Director: Kirill Sokolov
Starring: Aleksandr Kuznetsov, Vitaliy Khaev, Evgeniya Kregzhde,Michael Gor, Elena Shevchenko
Run Time: 94mins
Due to the international reputations of the likes of Andrei Tarkovsky, Aleksandr Sokurov, and Andrey Zvyagintsev, certain things are generally associated with Russian Cinema. Namely meditative pacing, deep philosophical themes, melancholic colour palette, and a general level of sombreness to proceedings. None of which can be applied to Kirill Sokolov's debut feature, which is a riotous, vibrantly colourful, ultra gory action-crime comedy that goes for jugular almost from the kick-off.
Just as it is obvious Sokolov has not been influenced by the "giants" of Russian Cinema, it is equally easy to see who his influences are. Chief amongst them is Quentin Tarantino and, in particular, the Kill Bill films, which are nodded too throughout the movie. Also easy to detect is the influence of Sergio Leone as essentially, this is a western spaghetti set in a Russian apartment (complete with bursts of Morricone-esque riffs).
It would be fair to say the storytelling is economical here, and Sokolov wastes little time getting into the action. The basic set-up is a young thug Matvey (Aleksandr Kuznetsov) turns up at the apartment of a detective named Andrey (Vitaliy Khaev) claiming here is there to meet Andrey's daughter. But it is obvious he is actually there to kill him. Why? Well, that is revealed in a very Tarantino-esque style in a series of narrative flashbacks.
After some lively exchanges testing each other out, Andrey quickly realises what the script is, and the pair end up in an apartment decimating brawl involving a hammer, a shotgun, and ends with Matvey getting a television launched into his face. Oh yeah, and all this happens inside the first fifteen minutes. After this, there is little in the way of let-up as Sokolov keeps the gore flowing and the action fast-paced.
It should be mentioned while there is a very high level of gore here overall, it is not a gruesome picture as it is hard to take any of the violence seriously because most of the blood-letting happens in almost Looney Tunes-ish cartoon. And there is certainly a lot of fun to be had watching various characters improbably come back from a variety of grotesque injuries.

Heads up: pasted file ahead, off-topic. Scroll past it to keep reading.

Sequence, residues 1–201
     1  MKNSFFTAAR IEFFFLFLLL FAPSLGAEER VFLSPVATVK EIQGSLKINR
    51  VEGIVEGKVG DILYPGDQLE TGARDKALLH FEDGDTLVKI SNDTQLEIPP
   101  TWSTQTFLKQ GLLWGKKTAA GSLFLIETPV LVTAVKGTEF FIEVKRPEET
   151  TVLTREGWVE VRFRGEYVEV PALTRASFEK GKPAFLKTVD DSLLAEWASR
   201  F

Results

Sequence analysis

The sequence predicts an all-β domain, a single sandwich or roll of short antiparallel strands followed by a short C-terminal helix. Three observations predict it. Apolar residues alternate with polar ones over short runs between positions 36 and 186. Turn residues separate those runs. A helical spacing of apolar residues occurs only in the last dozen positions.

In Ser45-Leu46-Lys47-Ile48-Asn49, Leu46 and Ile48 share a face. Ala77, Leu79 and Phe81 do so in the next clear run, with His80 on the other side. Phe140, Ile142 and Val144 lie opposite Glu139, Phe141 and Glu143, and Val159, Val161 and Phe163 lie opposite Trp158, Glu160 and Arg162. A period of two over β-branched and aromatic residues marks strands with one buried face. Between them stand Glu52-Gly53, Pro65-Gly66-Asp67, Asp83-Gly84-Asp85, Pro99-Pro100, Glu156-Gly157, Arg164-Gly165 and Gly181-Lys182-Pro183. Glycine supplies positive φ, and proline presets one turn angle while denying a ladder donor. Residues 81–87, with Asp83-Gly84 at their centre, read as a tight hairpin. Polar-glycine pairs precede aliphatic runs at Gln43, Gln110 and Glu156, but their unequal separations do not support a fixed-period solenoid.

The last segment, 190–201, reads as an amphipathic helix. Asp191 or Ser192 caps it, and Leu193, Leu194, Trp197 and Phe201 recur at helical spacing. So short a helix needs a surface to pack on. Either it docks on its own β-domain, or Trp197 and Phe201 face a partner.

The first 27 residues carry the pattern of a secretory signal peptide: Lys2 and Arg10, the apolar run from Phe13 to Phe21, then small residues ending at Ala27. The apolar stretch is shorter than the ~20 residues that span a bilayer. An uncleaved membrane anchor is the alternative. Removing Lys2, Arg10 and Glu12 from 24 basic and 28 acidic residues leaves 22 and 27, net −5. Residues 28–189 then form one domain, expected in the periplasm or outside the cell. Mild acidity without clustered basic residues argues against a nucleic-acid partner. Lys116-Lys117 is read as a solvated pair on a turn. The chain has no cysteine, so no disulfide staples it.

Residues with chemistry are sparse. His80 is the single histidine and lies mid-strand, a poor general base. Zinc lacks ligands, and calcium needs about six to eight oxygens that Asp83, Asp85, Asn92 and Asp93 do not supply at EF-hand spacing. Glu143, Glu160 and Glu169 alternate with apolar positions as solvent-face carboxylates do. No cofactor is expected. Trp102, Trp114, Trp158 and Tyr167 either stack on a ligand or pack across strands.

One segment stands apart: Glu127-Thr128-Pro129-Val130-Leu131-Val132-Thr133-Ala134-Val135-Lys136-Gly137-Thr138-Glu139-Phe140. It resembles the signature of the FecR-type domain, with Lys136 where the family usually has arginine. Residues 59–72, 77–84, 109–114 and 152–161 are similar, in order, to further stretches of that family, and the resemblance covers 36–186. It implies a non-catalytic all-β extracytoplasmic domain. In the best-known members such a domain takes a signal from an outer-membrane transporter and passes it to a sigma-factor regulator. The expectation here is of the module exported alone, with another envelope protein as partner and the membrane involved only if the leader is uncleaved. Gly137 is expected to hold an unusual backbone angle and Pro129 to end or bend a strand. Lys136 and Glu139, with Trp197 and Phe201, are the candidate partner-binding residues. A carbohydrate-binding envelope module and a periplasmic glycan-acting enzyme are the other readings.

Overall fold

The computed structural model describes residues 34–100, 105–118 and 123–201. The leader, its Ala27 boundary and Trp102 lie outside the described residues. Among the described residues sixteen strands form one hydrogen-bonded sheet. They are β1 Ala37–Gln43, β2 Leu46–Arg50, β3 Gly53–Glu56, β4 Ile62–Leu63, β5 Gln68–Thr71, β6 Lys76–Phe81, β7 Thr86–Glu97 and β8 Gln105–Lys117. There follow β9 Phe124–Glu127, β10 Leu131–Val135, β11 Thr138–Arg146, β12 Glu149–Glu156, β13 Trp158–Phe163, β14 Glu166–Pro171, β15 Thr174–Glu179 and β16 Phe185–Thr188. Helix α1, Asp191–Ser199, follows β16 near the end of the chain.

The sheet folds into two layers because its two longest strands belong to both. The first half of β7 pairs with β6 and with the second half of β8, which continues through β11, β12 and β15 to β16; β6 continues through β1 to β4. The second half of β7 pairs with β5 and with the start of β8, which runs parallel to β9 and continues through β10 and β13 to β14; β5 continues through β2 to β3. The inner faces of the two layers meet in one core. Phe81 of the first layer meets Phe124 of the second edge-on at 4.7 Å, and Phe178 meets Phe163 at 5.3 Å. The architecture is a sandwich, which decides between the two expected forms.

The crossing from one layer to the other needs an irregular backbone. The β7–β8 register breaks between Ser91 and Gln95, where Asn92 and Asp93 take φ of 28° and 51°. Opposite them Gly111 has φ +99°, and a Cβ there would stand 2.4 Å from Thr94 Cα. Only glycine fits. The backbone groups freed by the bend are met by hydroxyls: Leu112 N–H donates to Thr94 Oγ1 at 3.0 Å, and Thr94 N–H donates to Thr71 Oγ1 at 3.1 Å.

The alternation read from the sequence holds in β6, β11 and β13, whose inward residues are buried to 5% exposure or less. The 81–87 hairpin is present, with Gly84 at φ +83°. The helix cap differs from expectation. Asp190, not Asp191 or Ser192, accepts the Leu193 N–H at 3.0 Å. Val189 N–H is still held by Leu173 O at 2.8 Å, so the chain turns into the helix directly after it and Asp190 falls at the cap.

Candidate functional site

Of course, the downside of the violence being presented in such a way is there is a glibness to the film, which can make it a little difficult to invest in the plight of the picture's various unlikeable characters. Also, there is little here in terms of character development, with most not reaching beyond archetypes. To see this, you just need to look at Andry's daughter Olya (Evgeniya Kregzhde), who is a femme fatale straight out of central casting. The exception to this Matvey himself who is rounded out a little more and you do root for in the end.
Conversely, though, due in large part to the committed performances from the cast across the board, most of the characters are, at least, memorable. The standouts being Khaev and Kuznetsov. As Khaev is gleefully nasty as Andrey and Kuznetsov manage to give Matvey real personality with little dialogue due to his excellent physical performance. He also has excellent comic timing.
Also, depth and character development are not really the point here. The real focal point is the action, and on that level, the film absolutely delivers, and then some as each set-piece is executed with panache. Sokolov also maximises his environment as there could have been a stuffiness to the film with so much of it set in a single apartment. However, there is not with Sokolov making great use of each section of the cramped space to make it feel much bigger than it is.
"Why Don't You Just Die!" is not a dumb film either as well as the action; there is plenty of one-line zingers, memorable moments, and wry visual asides here. There are even some sly attempts at satire aiming at corruption in Russian institutions.
Overall: An over-the-top gore-soaked black comedy, which is action-packed from beginning to end. Minor quibbles aside, this is an excellent calling card for director Sokolov.